Prophetic Historiography: The Continuation of the Prophet’s Message in Jeremiah 52

Due to Jer 52’s similarities to the conclusion of the Deuteronomic history (2 Kgs 24:18—25:30) and the editorial conclusion offered in 51:64 that concludes the prophetic voice, Jer 52 is almost unanimously (e.g., John Bright, J.A. Thompson, Jack Lundbom, Marvin Sweeney) entitled a “historical appendix.” Such a title betrays an understanding of the final chapter as an added validation of the prophet’s message: history unfolds in accordance with the prophetic word of Jeremiah. Other scholars, namely Henk de Waard and Adam Harger, have successfully challenged this chapter’s classification as an appendix and proposed new ways forward. What I propose is, in some ways, a continuation of de Waard and Harger, though I extend beyond their descriptions.

I argue for two crucial points regarding Jer 52. First, Jer 52 presents a Jeremianic account of Jerusalem’s fall and exile informed by the prophet’s earlier words. Though it mirrors 2 Kgs 25, Jer 52 is distinct and is anchored in the prophet’s message (esp. 21:1–14; 27:1–22). These connections contribute to viewing the close association between prophecy and historiography maintained in ancient Israel. This view is evidenced in the Chronicler’s portrayal of Jerusalem’s destruction and exile, which seems to be shaped by the words of Jeremiah rather than the exclusive use of Kings.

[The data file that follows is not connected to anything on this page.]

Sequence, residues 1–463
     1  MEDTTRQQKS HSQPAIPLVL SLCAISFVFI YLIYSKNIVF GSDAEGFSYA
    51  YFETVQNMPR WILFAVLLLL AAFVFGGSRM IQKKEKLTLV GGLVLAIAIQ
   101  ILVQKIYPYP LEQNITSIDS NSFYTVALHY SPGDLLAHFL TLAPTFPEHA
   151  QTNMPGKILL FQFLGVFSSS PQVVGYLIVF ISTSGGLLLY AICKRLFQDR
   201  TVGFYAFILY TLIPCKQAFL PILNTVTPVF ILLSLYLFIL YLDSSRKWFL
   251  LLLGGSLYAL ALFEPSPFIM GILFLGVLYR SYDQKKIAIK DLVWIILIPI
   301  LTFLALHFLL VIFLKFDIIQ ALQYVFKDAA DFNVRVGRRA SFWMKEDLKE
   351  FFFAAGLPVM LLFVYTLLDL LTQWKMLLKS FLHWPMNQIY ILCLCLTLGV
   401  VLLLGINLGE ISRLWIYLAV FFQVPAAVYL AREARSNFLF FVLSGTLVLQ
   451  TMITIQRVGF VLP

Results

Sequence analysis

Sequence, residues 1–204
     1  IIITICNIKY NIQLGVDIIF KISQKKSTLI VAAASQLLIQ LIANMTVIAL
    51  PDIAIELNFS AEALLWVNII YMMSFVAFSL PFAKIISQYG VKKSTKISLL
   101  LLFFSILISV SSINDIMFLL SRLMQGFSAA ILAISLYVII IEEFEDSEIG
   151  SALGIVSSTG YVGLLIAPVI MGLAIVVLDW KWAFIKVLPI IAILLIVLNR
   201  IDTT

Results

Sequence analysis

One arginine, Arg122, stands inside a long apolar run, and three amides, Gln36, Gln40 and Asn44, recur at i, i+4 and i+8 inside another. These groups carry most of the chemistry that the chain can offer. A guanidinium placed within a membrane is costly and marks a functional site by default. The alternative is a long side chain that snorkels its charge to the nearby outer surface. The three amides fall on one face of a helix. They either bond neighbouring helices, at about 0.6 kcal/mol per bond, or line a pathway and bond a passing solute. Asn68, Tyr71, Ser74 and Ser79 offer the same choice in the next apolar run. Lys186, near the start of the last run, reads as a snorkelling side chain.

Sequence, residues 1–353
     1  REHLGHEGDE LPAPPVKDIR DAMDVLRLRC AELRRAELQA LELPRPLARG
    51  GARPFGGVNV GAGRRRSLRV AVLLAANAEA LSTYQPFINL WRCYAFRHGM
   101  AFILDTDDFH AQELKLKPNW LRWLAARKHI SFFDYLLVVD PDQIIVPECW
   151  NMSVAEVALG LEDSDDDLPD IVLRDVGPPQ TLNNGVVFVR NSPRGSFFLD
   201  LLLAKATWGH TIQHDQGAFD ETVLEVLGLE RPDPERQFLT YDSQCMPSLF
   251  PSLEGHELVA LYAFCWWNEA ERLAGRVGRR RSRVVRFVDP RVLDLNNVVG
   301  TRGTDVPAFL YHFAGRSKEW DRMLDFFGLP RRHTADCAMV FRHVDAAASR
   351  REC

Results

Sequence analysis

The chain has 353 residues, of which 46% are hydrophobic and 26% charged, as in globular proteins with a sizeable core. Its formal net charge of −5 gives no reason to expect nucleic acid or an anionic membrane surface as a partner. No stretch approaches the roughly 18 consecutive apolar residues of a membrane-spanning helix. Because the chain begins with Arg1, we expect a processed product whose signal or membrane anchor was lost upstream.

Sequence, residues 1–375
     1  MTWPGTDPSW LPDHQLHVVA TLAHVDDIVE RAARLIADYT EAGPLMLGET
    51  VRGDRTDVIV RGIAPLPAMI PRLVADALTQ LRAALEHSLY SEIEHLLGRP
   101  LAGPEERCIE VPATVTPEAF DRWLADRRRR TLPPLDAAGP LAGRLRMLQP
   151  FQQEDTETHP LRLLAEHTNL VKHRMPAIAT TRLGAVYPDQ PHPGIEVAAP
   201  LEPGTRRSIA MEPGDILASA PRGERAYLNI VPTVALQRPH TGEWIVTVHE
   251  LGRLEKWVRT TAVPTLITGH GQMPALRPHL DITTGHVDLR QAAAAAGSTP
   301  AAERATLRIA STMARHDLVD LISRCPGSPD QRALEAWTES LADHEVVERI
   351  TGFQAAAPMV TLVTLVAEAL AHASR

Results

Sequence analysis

Second, the juxtaposition of Zedekiah and Jehoiachin in the concluding chapter continues Jeremiah’s use of theological patterning and embodied examples. As proclaimed in earlier passages (21:1–14), the audience has two possible responses to the prophetic word: resist and die or surrender and live. The repetition of “until the day of his death” in 52:11, 34 suggests that Zedekiah embodies the first of these two options, while Jehoiachin embodies the second. This pattern reflects what is seen elsewhere in the book, primarily with the call to consider the actions and outcomes of other entities, such as the exodus generation (2:1–37) and the northern kingdom of Israel (3:6—4:4).

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